With the worlds ever-growing concern for the health of our environment, many households and businesses have turned towards new lighting technology as a way to help combat global warming. While the problem does not stem from light bulbs themselves, smarter decisions can be made to help reduce the amount of electricity being used and therefore CO2 being produced. Fortunately, with smart lighting design choices, both energy consumption and negative environmental effects can be reduced. Here’s how.
Energy efficiency with lighting controls
At Hampshire Light, we’re huge fans of lighting controls, so much that we’ve created a complete guide to lighting control systems. Not only do they benefit the aesthetics and atmosphere of a space but can help reduce energy consumption too. Here are some examples of various lighting controls that can be integrated within a lighting design scheme to improve energy efficiency.
Dimmers are devices connected to a light fixture and used to control the brightness of a light. By changing the voltage waveform applied to the bulb, it’s possible to lower the intensity of the light output, therefore reducing the amount of energy being used.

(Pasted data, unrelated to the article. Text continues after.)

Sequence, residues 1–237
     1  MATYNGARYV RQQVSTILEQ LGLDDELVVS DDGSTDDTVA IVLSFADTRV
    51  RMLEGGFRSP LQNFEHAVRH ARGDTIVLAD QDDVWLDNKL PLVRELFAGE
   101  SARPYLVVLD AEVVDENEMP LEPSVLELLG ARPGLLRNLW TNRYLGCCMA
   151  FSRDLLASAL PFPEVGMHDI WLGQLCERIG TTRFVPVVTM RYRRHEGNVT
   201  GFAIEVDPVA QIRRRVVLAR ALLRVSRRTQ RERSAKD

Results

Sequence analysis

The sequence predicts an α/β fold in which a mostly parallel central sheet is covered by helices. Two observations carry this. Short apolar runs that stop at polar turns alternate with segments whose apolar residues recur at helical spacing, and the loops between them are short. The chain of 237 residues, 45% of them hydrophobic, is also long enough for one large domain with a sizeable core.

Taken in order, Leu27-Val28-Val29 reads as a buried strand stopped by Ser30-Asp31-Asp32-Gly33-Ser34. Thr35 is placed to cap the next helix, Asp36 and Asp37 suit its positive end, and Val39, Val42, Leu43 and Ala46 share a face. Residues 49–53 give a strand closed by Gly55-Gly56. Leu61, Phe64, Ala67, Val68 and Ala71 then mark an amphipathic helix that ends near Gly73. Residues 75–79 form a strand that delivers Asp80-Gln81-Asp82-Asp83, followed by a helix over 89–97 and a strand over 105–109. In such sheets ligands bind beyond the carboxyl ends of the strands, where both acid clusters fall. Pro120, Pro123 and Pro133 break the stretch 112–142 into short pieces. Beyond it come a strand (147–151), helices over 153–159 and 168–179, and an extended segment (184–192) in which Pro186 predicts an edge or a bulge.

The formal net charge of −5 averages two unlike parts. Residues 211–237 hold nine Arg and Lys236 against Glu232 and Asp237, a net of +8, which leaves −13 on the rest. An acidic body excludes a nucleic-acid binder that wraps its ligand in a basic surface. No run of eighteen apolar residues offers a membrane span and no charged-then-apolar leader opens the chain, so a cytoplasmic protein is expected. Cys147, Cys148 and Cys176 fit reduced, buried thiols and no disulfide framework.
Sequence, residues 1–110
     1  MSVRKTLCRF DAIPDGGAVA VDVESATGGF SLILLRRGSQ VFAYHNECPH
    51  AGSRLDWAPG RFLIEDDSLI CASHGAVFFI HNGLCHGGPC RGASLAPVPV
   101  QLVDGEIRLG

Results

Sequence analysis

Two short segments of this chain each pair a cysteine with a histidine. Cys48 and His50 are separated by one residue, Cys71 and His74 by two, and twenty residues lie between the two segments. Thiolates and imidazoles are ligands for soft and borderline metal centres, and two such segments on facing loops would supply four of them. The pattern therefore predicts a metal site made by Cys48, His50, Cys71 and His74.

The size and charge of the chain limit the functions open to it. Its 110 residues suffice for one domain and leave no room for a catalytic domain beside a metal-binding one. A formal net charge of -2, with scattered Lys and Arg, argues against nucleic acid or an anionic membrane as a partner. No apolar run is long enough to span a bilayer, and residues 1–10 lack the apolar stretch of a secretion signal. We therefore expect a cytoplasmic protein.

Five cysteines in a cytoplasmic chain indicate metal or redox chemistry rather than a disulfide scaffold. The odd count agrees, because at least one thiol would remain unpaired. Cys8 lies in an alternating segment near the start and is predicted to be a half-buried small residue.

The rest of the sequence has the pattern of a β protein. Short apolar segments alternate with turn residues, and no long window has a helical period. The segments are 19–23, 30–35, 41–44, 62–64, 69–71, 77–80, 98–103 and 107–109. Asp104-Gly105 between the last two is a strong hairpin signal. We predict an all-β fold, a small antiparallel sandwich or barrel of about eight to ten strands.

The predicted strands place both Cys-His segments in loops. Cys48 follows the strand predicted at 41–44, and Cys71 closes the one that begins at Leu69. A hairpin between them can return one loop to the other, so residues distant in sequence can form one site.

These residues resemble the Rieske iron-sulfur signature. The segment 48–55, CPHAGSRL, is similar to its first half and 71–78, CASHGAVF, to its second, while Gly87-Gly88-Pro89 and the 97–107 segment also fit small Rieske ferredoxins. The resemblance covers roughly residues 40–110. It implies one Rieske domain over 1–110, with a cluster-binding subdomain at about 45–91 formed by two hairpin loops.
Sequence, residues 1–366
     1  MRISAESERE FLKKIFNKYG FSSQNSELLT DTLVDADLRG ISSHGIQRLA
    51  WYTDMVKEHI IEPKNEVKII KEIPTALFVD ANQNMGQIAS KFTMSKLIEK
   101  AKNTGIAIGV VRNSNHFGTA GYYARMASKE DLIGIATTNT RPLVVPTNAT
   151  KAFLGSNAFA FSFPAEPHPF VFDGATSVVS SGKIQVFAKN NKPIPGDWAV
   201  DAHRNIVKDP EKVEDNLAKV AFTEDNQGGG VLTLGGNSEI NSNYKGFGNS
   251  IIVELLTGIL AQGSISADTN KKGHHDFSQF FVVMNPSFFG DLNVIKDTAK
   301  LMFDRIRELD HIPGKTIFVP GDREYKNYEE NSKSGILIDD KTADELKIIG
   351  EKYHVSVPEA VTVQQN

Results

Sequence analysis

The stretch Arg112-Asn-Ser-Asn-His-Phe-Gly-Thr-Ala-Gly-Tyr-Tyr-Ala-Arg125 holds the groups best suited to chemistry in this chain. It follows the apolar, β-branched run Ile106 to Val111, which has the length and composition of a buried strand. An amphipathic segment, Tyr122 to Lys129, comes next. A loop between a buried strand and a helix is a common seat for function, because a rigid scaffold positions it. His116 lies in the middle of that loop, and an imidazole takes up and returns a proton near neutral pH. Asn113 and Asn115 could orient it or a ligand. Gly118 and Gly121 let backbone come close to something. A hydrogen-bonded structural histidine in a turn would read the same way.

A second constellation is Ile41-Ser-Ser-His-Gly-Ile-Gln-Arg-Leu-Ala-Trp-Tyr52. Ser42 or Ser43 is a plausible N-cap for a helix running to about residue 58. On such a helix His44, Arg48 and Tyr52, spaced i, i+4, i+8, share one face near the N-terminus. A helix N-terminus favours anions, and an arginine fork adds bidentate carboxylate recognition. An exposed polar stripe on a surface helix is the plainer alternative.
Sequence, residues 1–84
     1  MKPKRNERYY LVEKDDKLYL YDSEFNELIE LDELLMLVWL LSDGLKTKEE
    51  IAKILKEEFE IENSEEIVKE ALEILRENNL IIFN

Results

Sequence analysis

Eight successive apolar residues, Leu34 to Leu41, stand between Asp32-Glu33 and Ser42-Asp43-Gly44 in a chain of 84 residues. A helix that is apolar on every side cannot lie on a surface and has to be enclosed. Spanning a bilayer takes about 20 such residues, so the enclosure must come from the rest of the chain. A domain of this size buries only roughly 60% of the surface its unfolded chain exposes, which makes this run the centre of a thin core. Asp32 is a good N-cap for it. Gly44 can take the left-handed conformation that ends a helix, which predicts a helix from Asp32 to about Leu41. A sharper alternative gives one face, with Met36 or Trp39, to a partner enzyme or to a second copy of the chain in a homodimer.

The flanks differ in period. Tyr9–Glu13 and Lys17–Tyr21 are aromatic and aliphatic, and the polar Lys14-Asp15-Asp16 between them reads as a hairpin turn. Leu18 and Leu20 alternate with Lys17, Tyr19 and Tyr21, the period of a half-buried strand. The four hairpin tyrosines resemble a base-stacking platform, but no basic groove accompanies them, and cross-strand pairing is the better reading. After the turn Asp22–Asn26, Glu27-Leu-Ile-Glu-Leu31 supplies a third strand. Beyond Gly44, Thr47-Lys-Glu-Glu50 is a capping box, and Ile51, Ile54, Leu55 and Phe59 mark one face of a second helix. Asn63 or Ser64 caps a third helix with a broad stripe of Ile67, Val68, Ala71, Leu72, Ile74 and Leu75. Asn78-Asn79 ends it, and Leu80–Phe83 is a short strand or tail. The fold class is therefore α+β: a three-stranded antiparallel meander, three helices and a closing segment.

When linked with lighting, occupancy sensors detect movement and automatically turn on lights for convenience. Sensors are placed at an entrance to detect when somebody enters a room. This type of lighting control is commonly used within hotels and other businesses operating in the hospitality industry. For example, when entering a restaurant bathroom, you may often find the lights automatically switch on as you enter. This is an extremely effective way to help reduce energy consumption by ensuring lights are only being used when needed.
Networked lighting controls
The most advanced lighting control system. Networked lighting controls are designed to give complete control over your lights using computers, hand-held technology and integrated keypads. With lighting system software, operators can turn lights on/off, select between various scene settings, and set timers. Advanced software programs can even store data and create charts to help monitor energy usage. How’s that for efficiency?
Below is an example of networked lighting controls used in a recent lighting design project of ours. We worked alongside our client to distinguish their requirements and designed 5 scenes tailored to their kitchen activities. This resulted in an energy efficient and flexible lighting scheme.